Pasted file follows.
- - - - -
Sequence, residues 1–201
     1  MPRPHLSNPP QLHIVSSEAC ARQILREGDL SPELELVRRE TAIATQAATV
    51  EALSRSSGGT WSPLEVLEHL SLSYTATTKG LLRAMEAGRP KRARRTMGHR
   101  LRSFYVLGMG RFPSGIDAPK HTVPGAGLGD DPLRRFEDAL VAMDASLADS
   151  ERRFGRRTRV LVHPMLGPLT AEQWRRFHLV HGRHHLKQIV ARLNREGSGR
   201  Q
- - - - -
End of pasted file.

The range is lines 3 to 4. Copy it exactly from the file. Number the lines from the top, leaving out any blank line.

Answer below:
    51  EALSRSSGGT WSPLEVLEHL SLSYTATTKG LLRAMEAGRP KRARRTMGHR
   101  LRSFYVLGMG RFPSGIDAPK HTVPGAGLGD DPLRRFEDAL VAMDASLADS